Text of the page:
Heidi Klum called it “the toughest decision in Project Runway history,” a heated standoff between Team Mondo Guerra (Klum and Jessica Simpson) and Team Gretchen Jones (Michael Kors and Nina Garcia). In the end, during its season finale Thursday night, eco-fashionista Gretchen Jones came out on top, beating fan favorite and projected winner Guerra (the first of the three to get eliminated) and fellow finalist Andy South. Their reason—marketability. While the other two designers demonstrated just as much talent as Jones, the judges agreed her line was more in line with current trends, which makes it more sellable than the ones put out by Guerra and South.
To favor Jones’ practicality over Guerra’s lavish details is really another repeat of the old fashion adage—less is more. Costume is to look at, but at an economic time like this, consumers want what’s practical, wearable. Couture is wasteful extravagance personified around an icon. Fashion – at least wearable fashion – updates the everyday and makes it new and fresh. Tomorrow’s outfit recycles yesterday’s ensemble.
Out of the 17 designers competing this season (the largest group in show’s history), Jones, a 28-year-old Portland-based designer for Mothlove, was the only one committed to creating sustainable and earth-friendly fashion pieces. Although she never set out to preach sustainability on the show, she did set herself apart from the other designers by focusing on sustainable fabrics, and her ability to stay committed to her eco-friendly practices was one of Tim Gunn’s first concerns. “I’m a green designer because of my own ethics and my own concerns,” Jones says, “but if you don’t have a strong product, it doesn’t matter what your social and ethical practices are […] For the green movement to move forward, we have to create products that are worthy of everybody’s attention and interest and dollar.”
In the end, Gretchen Jones forced herself to let go of some textiles she was used to using and justified the fabrics she shopped for during the show by using only over-run materials from top designers, essentially recycling cast-offs that would otherwise go to waste. She started the season as an early favorite, but as the episodes wore on, the other designers started turning on her, she became vilified, Tim Gunn called her a bully, and viewers developed a love-to-hate relationship with Ms. Jones. “It hurt my feelings, but in a way it helped me to have more exposure, because I was talked about, whether you liked me or not,” she told People Magazine. “I know in my heart I’m a good person.”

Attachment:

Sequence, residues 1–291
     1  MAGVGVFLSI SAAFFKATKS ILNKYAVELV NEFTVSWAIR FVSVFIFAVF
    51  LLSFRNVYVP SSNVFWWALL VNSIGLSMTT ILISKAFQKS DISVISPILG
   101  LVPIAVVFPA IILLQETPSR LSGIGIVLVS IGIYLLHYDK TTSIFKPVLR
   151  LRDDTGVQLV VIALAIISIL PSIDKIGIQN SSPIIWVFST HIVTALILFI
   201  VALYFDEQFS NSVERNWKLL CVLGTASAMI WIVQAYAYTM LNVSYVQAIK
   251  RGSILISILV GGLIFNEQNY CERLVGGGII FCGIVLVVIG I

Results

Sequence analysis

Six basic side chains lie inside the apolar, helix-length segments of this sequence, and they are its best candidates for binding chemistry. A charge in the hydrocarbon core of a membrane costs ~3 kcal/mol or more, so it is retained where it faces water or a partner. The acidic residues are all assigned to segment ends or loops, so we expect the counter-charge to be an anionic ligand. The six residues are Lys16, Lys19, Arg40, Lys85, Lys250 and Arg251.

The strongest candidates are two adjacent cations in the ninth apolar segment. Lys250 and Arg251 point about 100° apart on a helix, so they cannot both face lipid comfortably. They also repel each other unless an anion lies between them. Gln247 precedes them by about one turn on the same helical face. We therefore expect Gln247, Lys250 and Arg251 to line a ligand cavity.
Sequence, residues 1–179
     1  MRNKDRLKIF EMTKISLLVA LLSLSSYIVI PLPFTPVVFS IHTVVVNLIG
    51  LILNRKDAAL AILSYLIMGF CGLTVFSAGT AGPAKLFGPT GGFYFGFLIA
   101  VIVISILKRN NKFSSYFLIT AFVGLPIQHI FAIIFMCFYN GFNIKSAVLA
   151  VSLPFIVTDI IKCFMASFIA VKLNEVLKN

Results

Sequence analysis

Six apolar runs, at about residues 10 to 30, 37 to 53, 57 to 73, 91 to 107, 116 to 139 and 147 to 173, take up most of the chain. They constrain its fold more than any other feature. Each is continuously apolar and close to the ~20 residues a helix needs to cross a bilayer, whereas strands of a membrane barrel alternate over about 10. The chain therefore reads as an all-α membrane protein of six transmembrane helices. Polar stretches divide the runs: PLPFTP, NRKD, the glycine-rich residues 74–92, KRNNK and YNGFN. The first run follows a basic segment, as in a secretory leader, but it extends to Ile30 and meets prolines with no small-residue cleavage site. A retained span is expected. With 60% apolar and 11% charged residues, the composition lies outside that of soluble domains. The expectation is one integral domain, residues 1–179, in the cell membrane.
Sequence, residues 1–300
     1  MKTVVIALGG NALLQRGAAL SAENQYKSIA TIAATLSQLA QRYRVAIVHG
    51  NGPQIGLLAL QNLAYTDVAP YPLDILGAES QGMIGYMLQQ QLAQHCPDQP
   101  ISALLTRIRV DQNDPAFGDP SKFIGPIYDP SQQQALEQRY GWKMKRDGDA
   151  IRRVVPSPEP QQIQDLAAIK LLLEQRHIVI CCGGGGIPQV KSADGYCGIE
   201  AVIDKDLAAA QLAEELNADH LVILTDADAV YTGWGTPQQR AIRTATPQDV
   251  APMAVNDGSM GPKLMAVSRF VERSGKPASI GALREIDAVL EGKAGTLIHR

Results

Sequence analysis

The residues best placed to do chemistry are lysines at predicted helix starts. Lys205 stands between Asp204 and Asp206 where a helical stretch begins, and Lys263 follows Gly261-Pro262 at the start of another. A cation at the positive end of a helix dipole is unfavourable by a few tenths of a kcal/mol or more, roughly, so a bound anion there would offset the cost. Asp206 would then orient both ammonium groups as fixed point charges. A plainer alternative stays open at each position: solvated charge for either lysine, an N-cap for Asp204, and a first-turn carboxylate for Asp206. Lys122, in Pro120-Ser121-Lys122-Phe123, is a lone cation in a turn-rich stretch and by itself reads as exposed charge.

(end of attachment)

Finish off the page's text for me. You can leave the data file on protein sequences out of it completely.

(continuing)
“I believe in conscious consumption,” Jones wrote in reply to her profile on Treehugger as an emerging green designer. “I think we need to be more present in the way we purchase. Buying timeless pieces with clean lines and then adding interesting accessories each season is the most sustainable way to dress. And that is how I approach my own designs.”
Michael Kors has stated that it’s a luxury to be a female designer, and in Jones’ case, that statement rang very true. Out of the three finalists, she was the only woman, and her ultimate success came from not imagining what to dress a woman in, but to design based on what she herself would wear. Her thought process pitted her against herself as her own customer, and it was a method that helped keep her in line with her eco-friendly values, because it forced her to create a line that can be marketed not as wasteful, but as functional, economical. Sustainability in fashion translates to sustainability in budget. Eco fashion isn’t a current trend running its course; it’s a value system, a lifestyle, one that values production and practicality just as much as it upholds beauty.
*November is National Vegan Month. This post is part of Safa’s month-long series veganism and pop culture.
photo credit: thanks to mandiberg via flickr
please note: the image of the runway is not from Project Runway
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